Street performance (also known as busking) is a great way to make quick cash and practice performing in front of people, but it’s not for everyone. Many young people try it just to see what it’s like, some people do it for party money, and there are some serious musicians that do it as a living. I’ve been a serious street musician for about five years. It’s not all I do, but it is a big part of what I do.
As the Fiddle Examiner, it may seem a little vain to do an article about myself, but it’s not all about me. I want to give you an idea what it’s like to be a full-time musician. I’m going to tell you about my experiences as well as that of other street performers that I’ve known.
The word “busk” simply means to perform on the street for tips. As for the history of the word, Webster says it is “probably from Italian buscare to procure, gain, from Spanish buscar to look for. First Known Use: 1857”. Buskers are often musicians, magicians, jugglers, mimes, celebrity look-alikes, and dancers, but can be just about any form of entertainment. There is a good documentary called Confessions of a Superhero about people who dress as superheroes and celebrities and pose for tips on the sidewalks of Hollywood Boulevard. Look it up on Hulu or YouTube. The average tourist often assumes that buskers are no more than crazy, homeless beggars. Yes, some street performers are displaced and struggling, but this is not always the case. People with full-time jobs often do it for fun, or as an escape from their mundane lifestyles. Many professional musicians have been known to perform on the street as a way to practice their skills or for publicity. Some famous professional musicians that have been seen busking include, Joshua Bell, Rod Stewart, B.B. King, Bruce Springsteen, and George Burns. Cirque du Soleil began as two street performers.
There are many pros and cons to busking. Some of the pros include the fact that you are your own boss and therefore you can set your owns hours. You are an entrepreneur. Another nice thing about street performance is that you perform for tips which means you get paid in cash and you don’t have to pay taxes on your earnings. However, if you live in the United States and busking is your only source of income, you must report something to the IRS. I keep an Excel spreadsheet of my earnings. The cons to being a street performer relate to your personality. You must be able to deal with rude and drunk people. You must check your local laws regarding street performance. Some cities require you to get a permit, but many cities don’t require ant type of license. I’ve known some buskers that actually received tickets from the police because they were performing without a permit, or they were performing in an area where busking is not permitted. I’ve talked to some savvy buskers that say they perform for short periods of time at risky spots such as subway entrances, and then run when they see police. Private property and subway stations are two places where you can get fined for busking. Most of the time, performing on a sidewalk is safe unless the city has blocked the sidewalk for a special event. Another con to busking is the fact that it is not a reliable source of income. There is no paycheck or health benefits for buskers. You never know how much, or how, little you will make on a daily basis.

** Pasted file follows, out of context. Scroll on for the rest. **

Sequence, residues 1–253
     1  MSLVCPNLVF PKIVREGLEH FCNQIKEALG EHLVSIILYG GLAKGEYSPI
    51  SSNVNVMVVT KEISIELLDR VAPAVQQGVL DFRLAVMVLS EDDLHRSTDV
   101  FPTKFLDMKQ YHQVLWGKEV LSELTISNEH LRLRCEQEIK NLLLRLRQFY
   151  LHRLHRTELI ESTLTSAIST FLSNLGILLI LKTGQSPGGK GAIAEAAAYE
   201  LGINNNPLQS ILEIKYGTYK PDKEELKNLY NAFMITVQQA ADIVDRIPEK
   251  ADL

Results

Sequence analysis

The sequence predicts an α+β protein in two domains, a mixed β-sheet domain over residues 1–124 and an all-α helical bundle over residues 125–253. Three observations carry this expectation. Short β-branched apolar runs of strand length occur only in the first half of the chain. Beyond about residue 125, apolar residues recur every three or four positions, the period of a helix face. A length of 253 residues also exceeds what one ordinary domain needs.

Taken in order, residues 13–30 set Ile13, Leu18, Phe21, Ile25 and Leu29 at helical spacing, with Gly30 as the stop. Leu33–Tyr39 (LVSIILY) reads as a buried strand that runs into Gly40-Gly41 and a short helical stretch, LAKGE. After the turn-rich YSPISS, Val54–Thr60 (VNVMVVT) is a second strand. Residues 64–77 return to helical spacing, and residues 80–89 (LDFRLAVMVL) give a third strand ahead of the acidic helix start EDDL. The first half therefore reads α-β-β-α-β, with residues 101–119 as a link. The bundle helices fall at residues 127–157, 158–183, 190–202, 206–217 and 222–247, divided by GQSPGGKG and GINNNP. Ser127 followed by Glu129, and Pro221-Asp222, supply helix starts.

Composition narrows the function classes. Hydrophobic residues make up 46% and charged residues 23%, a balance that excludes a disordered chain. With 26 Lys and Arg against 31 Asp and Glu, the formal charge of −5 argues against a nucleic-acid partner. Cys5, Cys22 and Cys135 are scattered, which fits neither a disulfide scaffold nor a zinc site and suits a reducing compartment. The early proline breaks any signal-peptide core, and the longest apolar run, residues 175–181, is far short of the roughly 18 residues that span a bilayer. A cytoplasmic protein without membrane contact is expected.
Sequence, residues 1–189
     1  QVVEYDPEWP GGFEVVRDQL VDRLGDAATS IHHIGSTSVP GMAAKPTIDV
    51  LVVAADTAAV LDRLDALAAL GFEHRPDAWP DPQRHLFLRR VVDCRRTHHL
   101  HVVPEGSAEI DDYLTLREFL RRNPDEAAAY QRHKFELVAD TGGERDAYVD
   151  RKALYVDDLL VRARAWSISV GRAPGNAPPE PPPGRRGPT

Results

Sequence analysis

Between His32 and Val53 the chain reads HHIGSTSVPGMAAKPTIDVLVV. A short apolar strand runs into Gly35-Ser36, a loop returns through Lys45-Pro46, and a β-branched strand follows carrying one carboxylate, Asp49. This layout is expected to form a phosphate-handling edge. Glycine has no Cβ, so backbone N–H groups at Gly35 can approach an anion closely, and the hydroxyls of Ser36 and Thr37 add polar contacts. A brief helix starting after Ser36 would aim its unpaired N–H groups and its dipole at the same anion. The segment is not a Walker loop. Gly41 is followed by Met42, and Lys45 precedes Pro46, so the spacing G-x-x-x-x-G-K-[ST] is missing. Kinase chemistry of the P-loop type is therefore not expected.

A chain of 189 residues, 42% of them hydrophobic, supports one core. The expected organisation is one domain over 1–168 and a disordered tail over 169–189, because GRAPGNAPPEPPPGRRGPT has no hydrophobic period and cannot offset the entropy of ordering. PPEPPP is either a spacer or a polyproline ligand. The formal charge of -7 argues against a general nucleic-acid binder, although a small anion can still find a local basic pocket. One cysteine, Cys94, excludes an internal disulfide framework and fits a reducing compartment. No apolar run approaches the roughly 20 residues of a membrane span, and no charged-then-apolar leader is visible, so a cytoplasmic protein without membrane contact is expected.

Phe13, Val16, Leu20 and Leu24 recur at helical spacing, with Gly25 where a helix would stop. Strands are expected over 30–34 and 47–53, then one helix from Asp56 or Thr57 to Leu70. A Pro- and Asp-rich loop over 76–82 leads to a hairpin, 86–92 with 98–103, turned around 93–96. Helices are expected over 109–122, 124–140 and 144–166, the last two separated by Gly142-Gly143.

So you want to know how to be a successful busker? I’ll share with you some things I’ve learned over the years. In a nutshell, be talented, be good, be different. One of the most successful buskers I personally know is Jamey Turner. He plays a homemade glass organ consisting of about thirty glasses filled with water. The size of the glasses range from large enough to hold a goldfish to a very small shot glass. He wets his fingers and gently rubs the glasses to produce musical notes. He gets some incredible sounds out of those glasses. Not only does he perform on the waterfront in Alexandria, VA, he has also toured the world and appeared on the Tonight Show. I’ve talked to him many times. He is very open and friendly. I’ve learned a lot from watching him perform. He always has a crowd. There are a few things about him that I have observed that make him so popular. One is obviously his glass harp. It’s so different and novel that it attracts crowds. What makes him so successful is that he can keep the crowd. He likes to tell stories about his instrument and the music he plays. He plays a range of music from classical favorites to folk, and movie themes. He will play Ode to Joy, then play the Star Wars theme, then he might play some folk tune. He is also known to play folk tunes from cultures all over the world. This gets him gigs at prestigious venues and corporate events. He also does a show where he plays his clarinet and a set of wrenches.